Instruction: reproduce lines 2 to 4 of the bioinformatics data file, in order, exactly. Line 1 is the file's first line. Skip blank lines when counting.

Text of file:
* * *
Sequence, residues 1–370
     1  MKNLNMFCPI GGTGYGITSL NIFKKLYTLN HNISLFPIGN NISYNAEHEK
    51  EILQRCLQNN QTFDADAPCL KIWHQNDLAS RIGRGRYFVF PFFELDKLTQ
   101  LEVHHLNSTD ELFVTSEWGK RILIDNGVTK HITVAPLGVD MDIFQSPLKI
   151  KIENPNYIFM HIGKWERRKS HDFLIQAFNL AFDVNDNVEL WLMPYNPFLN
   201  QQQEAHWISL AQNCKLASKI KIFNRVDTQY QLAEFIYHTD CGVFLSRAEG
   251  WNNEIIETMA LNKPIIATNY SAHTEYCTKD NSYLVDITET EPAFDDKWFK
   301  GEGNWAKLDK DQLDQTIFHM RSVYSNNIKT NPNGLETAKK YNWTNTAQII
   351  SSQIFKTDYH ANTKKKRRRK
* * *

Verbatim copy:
     1  MKNLNMFCPI GGTGYGITSL NIFKKLYTLN HNISLFPIGN NISYNAEHEK
    51  EILQRCLQNN QTFDADAPCL KIWHQNDLAS RIGRGRYFVF PFFELDKLTQ
   101  LEVHHLNSTD ELFVTSEWGK RILIDNGVTK HITVAPLGVD MDIFQSPLKI